Tackling the hardships of freshman year

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With the 2013-2014 academic year coming to a close, the class of 2017 wraps up their freshman year here at Radford University. The perils of that first year are almost over.

This freshman class is the second biggest incoming class that RU has ever seen, and the campus is growing tremendously. Midterms are coming and going as the students gear up for summer vacation and break from it all. Most of the big culture shocks are over and done with now that the school year is three quarters of the way over.

Many of the challenges new students face are ones we hear about from the very beginning: the ever so horrible “freshman 15,” and the depression a lot of students face in college.

The “freshman 15” is nothing new to students, and is something many students strive to avoid. It is not only just 15 pounds; sometimes it is five, and sometimes 10, and even sometimes over 15; but nonetheless it is something that is a constant scare for new students.

There are many different reasons for gaining weight once you are away from home.

For one, you are not under the constant watch and rule of your parents anymore. If your parents limited what they bought and what you could eat, you do not have that anymore.

Eating late at night, constantly eating out, not exactly making the healthiest decisions because it is faster and cheaper, and consumption of alcohol are all reasons a lot of students gain weight.

This can be avoided by taking the time out of your day to get some simple exercise. Go on a walk or try to get to the gym, along with eating healthy and making good food judgments.

Another big hardship for new students is depression. It is not something that can necessarily be avoided like weight gain can, but it can be treated and noticed if you look out for it.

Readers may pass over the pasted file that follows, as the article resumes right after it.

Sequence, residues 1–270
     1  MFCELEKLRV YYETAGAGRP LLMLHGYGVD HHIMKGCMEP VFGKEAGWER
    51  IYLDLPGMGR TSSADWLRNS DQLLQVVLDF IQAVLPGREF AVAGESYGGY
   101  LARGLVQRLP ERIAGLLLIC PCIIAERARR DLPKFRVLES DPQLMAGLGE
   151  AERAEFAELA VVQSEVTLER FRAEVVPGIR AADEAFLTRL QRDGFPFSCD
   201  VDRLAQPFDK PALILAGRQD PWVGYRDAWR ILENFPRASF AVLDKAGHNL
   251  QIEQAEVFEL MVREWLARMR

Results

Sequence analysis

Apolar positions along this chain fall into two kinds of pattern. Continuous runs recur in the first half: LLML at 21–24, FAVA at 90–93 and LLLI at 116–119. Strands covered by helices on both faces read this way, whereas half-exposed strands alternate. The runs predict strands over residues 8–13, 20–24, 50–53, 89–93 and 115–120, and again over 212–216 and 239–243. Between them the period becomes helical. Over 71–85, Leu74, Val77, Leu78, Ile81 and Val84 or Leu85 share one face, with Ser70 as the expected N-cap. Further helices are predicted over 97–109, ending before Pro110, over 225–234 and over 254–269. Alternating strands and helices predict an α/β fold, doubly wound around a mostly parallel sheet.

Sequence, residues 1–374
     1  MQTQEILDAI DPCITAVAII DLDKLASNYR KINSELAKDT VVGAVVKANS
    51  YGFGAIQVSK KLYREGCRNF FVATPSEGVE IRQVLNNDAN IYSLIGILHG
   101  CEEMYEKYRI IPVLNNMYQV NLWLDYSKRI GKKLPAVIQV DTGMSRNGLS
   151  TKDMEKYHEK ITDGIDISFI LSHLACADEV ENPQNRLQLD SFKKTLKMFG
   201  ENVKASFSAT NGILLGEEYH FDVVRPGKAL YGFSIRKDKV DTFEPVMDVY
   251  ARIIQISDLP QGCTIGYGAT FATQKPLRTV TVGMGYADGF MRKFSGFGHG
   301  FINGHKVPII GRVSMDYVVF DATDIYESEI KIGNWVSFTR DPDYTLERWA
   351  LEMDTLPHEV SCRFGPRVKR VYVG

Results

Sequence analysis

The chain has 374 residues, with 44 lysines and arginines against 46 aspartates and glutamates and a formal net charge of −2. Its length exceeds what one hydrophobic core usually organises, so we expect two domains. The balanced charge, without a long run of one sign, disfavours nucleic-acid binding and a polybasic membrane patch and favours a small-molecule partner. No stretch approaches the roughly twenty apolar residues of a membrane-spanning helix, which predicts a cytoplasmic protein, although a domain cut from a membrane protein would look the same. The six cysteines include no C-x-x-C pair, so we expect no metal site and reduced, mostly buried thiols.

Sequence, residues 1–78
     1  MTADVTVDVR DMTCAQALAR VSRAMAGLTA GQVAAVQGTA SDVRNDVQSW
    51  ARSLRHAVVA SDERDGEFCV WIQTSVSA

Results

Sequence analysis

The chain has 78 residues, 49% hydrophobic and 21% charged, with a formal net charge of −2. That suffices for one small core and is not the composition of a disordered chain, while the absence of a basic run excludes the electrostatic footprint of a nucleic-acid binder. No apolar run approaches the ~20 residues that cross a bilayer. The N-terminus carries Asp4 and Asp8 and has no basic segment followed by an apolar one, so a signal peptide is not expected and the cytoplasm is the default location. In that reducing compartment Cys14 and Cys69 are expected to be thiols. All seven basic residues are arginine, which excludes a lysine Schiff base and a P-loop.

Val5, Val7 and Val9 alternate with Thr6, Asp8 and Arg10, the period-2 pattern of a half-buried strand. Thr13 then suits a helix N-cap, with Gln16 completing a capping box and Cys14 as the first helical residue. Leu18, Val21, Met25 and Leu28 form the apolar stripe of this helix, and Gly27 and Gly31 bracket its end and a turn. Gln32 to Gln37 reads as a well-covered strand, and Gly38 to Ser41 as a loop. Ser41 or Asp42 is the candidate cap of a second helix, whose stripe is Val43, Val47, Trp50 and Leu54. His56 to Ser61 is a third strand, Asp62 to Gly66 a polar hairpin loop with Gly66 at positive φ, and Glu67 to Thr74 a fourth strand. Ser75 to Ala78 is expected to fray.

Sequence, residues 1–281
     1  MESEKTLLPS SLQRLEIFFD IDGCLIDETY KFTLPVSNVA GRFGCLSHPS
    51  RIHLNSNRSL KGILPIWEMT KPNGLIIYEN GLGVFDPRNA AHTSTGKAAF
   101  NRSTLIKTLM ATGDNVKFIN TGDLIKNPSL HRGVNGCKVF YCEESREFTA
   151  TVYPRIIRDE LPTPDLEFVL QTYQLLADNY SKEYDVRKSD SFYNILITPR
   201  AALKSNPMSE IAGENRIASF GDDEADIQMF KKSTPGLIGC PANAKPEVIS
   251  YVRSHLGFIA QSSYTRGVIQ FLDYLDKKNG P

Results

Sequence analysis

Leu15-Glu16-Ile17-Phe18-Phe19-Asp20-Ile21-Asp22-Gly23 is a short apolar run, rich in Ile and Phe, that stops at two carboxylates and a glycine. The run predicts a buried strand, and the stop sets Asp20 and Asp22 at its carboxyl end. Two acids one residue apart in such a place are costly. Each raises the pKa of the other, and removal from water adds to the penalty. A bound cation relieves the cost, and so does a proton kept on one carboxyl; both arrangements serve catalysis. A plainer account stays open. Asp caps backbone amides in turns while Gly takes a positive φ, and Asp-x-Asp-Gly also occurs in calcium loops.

A survey conducted in 2011 by the American College Heath Association National College Health Assessment found that 30 percent of college students reported being so depressed at some points that it was difficult to function at different instances over the school year. Six percent reported having thought about suicide, while one percent reported attempting it.

Freshman Amanda Harvey explains her struggle: “It was difficult and I went home a lot,” she said.

If you or a friend is suffering from depression it is important to seek help right away. The student center offers therapists and psychiatrists for the benefit and health safety for the students.

Also, if you believe that someone is showing signs of depression, you should talk to them and help them right away.

Not everyone faces these challenges; some people adjust to the change right away and make the best out of their time away from home.

“Freshman year was amazing, I learned a lot about who I am as a person as well as adapted academic skills,” said freshman John George. “I adjusted pretty well, it was definitely a major change. Time management was the hardest thing to learn.”

There are only about four more weeks until summer vacation, and the year is coming to a close. Students can now reflect on their year, and see what they have made of it.